A little humility would go a long way.

sharrukin on August 10, 2012 at 12:34 AM

Carbon based life forms are overwhelmingly the most likely form of life and there aren’t many stable atmospheres and temperature ranges in which they can realistically exist.

sharrukin on August 10, 2012 at 12:27 AM

With the sheer number of planets that exist in the universe, there are likely to be many that have near identical conditions to ours, and I’m not sure what basis you use to say that carbon-based are the most likely form of life.

spinach.chin on August 10, 2012 at 12:36 AM

I like Ryan, but Romney needs VA. With VA, it opens up a whole series of electoral college possibilities that will be near impossible for Obama to counter.

You’re kinda contradicting yourself here between the first and second sentences. Obviously Obama would like to have VA, but it’s much more of a must-win for Romney than it is for Obama. Unless you think a McDonnell nom makes Romney’s winning OH and FL more likely, I’m not sure I get your drift.

El Txangurro on August 10, 2012 at 12:48 AM

I’m going to play devils advocate here, forgive me.  

He doesn’t look “presidential.” He doesn’t have the gravitas to be the CiC of the armed forces. Really, you want this scrawny man to lead the country? That’s why the SOTU response was so important, the stage swallowed the small man. Imagine him in the Oval Office, giving a 9/11 aftermath speech. Would you hug the kids a little tighter and say “sorry.” I’ll give Obama this…he looks more commanding in mom jeans than this guy in a suit. I’m mean are we not a country that wants a little more John Wayne than Don Knots. Plus, he’s Catholic, that archaic religion that likes little boys, so he’ll try to shove his religion down our collective throats.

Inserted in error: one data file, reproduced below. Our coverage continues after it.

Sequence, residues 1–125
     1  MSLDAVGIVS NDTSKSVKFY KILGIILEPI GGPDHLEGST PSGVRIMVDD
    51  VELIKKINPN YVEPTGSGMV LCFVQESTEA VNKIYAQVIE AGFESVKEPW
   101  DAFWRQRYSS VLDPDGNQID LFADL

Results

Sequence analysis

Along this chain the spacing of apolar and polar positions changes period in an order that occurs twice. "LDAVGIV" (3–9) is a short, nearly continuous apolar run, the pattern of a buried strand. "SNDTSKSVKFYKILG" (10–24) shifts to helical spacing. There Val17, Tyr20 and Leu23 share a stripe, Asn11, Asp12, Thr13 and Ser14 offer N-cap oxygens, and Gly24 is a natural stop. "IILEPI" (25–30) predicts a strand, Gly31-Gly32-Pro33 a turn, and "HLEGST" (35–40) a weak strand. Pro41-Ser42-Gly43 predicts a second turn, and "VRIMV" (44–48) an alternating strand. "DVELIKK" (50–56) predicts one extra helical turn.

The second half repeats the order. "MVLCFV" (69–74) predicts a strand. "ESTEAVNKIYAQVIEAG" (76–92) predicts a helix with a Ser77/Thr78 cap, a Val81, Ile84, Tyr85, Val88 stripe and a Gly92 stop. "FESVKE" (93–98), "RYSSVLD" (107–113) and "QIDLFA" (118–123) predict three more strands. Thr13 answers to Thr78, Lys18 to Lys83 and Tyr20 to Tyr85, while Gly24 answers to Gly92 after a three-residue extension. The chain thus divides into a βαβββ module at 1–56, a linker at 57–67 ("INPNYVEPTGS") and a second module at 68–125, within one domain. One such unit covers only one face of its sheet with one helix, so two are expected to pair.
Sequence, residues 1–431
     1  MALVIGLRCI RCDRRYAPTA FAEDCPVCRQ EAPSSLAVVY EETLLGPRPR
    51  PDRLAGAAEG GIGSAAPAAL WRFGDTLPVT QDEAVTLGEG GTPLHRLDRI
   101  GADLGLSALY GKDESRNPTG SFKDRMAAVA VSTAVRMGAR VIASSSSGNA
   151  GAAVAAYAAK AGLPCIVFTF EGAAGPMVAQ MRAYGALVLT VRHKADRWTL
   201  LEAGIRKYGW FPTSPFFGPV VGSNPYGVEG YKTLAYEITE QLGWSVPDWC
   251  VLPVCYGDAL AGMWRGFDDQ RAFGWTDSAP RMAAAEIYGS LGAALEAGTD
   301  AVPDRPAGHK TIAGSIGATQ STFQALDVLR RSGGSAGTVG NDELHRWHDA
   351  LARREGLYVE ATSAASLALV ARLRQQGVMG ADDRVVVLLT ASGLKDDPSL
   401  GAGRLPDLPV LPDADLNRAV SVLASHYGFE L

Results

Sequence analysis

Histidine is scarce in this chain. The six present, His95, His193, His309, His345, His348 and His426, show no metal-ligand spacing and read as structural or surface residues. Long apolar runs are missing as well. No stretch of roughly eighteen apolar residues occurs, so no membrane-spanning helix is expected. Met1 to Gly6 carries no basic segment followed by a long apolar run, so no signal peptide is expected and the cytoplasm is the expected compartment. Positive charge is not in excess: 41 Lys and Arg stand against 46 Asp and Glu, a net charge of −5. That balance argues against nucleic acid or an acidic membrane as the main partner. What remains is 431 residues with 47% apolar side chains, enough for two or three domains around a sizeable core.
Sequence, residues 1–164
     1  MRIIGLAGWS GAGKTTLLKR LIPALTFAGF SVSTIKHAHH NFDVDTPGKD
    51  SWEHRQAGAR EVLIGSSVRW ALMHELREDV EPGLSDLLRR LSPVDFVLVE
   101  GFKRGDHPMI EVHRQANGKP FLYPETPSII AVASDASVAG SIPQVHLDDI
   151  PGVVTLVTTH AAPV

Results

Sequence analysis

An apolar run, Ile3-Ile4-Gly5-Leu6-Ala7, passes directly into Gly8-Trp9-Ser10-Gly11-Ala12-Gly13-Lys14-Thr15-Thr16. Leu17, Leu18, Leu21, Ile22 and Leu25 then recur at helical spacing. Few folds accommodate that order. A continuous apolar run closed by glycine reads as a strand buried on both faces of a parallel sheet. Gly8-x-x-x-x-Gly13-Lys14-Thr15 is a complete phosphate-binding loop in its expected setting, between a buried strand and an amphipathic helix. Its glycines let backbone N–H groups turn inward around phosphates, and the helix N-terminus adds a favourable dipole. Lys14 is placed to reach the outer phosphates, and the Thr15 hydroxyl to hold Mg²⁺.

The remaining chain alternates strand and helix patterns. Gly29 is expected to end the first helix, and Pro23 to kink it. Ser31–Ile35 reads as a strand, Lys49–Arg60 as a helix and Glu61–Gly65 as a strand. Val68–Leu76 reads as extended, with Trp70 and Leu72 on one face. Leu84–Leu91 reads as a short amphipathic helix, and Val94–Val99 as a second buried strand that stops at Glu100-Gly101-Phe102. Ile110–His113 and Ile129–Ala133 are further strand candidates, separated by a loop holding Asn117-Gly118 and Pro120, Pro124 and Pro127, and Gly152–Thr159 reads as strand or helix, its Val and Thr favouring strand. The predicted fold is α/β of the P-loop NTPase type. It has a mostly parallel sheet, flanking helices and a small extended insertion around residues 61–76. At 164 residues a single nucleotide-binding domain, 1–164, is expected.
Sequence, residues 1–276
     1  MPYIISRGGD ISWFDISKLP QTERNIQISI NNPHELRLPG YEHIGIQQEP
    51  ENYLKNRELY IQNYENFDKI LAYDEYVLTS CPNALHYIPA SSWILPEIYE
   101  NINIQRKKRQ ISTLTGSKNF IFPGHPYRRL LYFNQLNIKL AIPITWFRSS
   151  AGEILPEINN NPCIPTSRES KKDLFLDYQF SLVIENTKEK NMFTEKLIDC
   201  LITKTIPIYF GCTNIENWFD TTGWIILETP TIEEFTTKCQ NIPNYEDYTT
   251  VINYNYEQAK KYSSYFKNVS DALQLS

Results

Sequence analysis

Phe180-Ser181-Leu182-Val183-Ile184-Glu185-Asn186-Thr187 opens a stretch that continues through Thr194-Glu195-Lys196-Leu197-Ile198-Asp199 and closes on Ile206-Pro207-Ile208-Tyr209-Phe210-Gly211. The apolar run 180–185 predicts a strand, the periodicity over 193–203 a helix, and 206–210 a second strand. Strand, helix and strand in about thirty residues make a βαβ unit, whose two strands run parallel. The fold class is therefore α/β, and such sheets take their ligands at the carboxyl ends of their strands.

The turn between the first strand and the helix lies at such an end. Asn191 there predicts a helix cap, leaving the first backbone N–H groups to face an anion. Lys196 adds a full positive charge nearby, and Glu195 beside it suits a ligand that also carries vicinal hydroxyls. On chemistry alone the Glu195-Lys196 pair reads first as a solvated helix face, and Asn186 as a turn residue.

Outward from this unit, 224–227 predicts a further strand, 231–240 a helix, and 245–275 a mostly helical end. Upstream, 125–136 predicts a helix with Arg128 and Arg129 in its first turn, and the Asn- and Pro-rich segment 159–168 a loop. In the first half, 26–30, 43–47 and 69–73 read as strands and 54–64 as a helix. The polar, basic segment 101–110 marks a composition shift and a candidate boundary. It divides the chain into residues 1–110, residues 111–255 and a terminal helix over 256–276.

Bleh, I’ve been trolling the Huffington Post for too long. 

Conger on August 10, 2012 at 12:49 AM

I’m not sure what basis you use to say that carbon-based are the most likely form of life.

spinach.chin on August 10, 2012 at 12:36 AM

This is a decent read.

http://thelivingcosmos.com/TheNatureofLife/SiliconVsCarbon_12May06.html

Silicon has the same number of electrons in its outer shell, meaning that it can form four bonds just like carbon. It is also very abundant, comprising much of the rock that is beneath your feet. Silicon can bind readily to itself to make Si-Si bonds just like carbon can make C-C bonds. With just this information, one might think that we are on to something with this silicon atom. After all, C-C bonds are the basis for complex molecules on Earth. However, we are neglecting some rather important details. Although Si-Si bonds, as well as silicon-hydrogen and silicon-oxygen bonds, are easily made we have not yet considered the relative strengths of these bonds. Si-Si bonds are much weaker than C-C bonds – they are only half as strong! Si-H bonds and Si-O bonds are stronger than Si-Si bonds, whereas the carbon analogs for all three of these types of bonds are nearly equal in strength. This means that while it is very easy to create long chains and rings of carbon atoms, it is unusual to have long chains or rings of silicon atoms linked together. In fact, it is extremely rare to find any molecules that have strung together more than three silicon atoms.